Meanwhile, those other 7 kids are now back in BPS, in the middle of the school year, at a new school that they didn't get to choose, and probably having emotional issues because they have been kicked out of the school that their parents wanted them at. And they are entering a new school environment in either 9, 10 or 11th grade. I don't remember much about high school but I do remember that making new friends is never easy. Especially as the new kid.
Finally, while there were 650 fewer kids this year, I wonder how many kids will be back in BPS for third semester? (Shhh, a little secret, if you keep the kid past Oct 1 you get to keep the tuition for that student for the year. 8 months of free money!)
All that said, I do appreciate your passion for pointing out the inefficiency within the current system.
You freely admit kids do better in charters. Why do the reasons matter? The point is giving kids the best opportunity to succeed. If 8000 kids are thriving there, why shackle 10,000 to a system that isn't working for them.
As for that Oct 1 rule, I know it's a hard date, didn't know the date. That should be changed to a prorated system which gives more incentive to retain students.
Mayor Walsh and the city council get a dose of my passion on Monday with a cc. to the Globe. Gonna be very embarrassing for the schools if the Globe follows up, but not holding my breath. That "fiscal calamity" they claimed in January? Unquestionably a lie, apparently in prep for battling Q2. Unless more money, more teachers, more staff and fewer students is a calamity.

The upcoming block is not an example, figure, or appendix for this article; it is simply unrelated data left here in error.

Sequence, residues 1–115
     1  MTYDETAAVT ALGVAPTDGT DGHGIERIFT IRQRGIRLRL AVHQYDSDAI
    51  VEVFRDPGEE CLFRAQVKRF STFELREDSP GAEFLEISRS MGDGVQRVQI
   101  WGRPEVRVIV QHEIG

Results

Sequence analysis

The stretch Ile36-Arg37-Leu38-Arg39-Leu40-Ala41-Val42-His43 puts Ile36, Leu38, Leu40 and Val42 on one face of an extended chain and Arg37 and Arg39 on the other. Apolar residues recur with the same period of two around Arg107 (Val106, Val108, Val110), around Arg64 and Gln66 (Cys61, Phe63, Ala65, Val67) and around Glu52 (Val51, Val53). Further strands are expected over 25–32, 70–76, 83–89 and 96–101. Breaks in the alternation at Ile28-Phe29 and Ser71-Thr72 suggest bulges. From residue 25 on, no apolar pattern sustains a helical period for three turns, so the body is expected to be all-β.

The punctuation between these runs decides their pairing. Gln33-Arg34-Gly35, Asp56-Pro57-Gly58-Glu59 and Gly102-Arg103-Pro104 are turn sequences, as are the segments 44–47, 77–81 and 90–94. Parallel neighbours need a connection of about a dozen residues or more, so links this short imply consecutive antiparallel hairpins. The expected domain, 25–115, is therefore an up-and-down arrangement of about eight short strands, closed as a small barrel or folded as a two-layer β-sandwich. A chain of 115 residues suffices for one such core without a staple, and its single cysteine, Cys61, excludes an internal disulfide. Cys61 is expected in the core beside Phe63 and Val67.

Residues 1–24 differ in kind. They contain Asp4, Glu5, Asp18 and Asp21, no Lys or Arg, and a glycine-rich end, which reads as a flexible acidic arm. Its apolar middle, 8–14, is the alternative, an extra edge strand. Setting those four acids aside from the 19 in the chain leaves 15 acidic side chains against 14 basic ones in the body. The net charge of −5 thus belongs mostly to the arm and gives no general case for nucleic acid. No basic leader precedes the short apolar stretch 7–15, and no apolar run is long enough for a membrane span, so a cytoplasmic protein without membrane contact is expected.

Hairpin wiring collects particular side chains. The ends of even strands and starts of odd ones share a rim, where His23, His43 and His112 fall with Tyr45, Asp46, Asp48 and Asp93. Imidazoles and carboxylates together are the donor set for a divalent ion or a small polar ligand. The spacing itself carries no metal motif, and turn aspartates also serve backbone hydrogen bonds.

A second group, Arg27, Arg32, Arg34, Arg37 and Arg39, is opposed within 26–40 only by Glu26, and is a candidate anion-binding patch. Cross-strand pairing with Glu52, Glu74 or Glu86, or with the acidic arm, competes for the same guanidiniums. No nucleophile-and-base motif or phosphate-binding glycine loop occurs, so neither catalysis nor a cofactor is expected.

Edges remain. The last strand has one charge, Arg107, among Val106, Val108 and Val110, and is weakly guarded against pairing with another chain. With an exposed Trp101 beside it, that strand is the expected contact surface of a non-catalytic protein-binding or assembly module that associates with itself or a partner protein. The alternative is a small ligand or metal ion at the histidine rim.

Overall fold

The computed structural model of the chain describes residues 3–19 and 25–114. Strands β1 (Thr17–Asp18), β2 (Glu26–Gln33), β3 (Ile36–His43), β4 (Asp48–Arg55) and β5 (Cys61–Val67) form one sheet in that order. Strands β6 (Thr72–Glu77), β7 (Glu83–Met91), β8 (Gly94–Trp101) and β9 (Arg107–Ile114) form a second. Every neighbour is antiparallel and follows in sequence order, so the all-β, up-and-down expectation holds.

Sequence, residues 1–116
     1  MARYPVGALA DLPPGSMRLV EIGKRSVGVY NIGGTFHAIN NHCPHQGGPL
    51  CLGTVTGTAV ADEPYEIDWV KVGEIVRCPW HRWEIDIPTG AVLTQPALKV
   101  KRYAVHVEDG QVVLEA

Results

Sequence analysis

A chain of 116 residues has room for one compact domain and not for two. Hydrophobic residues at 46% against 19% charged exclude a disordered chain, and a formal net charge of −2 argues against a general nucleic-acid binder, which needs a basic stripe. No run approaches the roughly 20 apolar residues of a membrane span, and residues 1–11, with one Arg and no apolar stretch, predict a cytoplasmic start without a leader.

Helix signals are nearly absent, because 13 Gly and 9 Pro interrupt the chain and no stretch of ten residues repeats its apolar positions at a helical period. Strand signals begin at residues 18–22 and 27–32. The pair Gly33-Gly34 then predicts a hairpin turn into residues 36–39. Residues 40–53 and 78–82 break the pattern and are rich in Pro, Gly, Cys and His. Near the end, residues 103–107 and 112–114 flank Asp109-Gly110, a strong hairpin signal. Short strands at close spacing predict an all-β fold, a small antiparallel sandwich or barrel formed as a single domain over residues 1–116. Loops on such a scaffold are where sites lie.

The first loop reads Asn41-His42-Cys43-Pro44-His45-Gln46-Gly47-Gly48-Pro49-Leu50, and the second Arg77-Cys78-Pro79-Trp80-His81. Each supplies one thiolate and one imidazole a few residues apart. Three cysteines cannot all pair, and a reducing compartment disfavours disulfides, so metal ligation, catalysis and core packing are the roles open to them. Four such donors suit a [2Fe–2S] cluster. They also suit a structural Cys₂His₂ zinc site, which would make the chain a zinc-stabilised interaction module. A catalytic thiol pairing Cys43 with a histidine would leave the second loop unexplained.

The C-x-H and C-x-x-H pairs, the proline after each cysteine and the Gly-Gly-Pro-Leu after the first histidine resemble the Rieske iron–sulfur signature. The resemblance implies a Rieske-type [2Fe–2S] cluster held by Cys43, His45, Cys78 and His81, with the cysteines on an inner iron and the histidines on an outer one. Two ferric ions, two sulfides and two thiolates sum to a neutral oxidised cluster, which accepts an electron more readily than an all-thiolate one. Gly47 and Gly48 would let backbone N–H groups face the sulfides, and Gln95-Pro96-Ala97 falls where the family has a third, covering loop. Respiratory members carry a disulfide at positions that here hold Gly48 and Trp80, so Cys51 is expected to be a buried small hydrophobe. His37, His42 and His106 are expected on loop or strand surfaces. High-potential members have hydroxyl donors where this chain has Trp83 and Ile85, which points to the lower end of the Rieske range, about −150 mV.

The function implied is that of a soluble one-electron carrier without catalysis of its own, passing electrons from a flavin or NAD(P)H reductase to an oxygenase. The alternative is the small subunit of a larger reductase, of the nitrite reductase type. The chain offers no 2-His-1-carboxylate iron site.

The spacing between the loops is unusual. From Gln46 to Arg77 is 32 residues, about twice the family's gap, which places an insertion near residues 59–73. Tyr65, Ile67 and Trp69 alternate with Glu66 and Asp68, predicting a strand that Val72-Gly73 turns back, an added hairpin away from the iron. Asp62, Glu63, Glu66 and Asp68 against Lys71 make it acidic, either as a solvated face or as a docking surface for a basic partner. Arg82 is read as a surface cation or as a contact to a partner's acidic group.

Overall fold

I admit that kids do well in charters. But it is a certain sub-section of kids and not ALL kids who attend the charters. If charters were legally obligated to find another charter for their former student I would be for it. But they are not. So they send these kids back into BPS schools that were not accounting for them. The kids who do not well are put back in BPS. Why do you think charters were against the universal enrollment form as much as some public parents? Because they won't be able to choose the children who attend their PUBLIC school. I am having a hard time believing that you can't comprehend this component to the system.
There is also the fact that very few charters in BPS are currently serving at capacity. Check their max enrollment number approved by the state vs their current number. While there will be a need for a small buffer to create new classes, keeping an extra 100 seats open to me seems strange.
As always, enjoying the debate.
Even I'll admit that's the ideal solution. Somebody needs to stand up and say here's all the money we have in the current budget. Here are our goals. Figure out how to meet the goals within that budget or use the door.
Everyone seems to know what the problems are. Then they just stand there like deer in the headlights.
Yes enjoy the exchange we we share info and views like w ckollette and sock puppet.
And I'll repeat. Go ahead and spend the money if it's spent wisely. If it's not, I'd rather keep it and do something useful with it. BPS itself says it's wasting at least $100 million. Get out of the traffic and start there.
The charters could be obligated to fill any empty seat with a kid off the wait list- after all, they're thousands of kids long.
BPS teacher here, to give you some info on our school:
Increase in students from last year
Lost 5 staff (teachers and paraprofessionals)
Nurse reduced to part time
Yes we get more money than last year's budget, but not enough to cover the same expenses in last year's budget. Hence the cuts.
Staff assignment reductions in one school do not equate to systemwide cuts. For whatever reason they cut your school. But that means there are now 91 people in total to work at another school.
That's not a budget cut.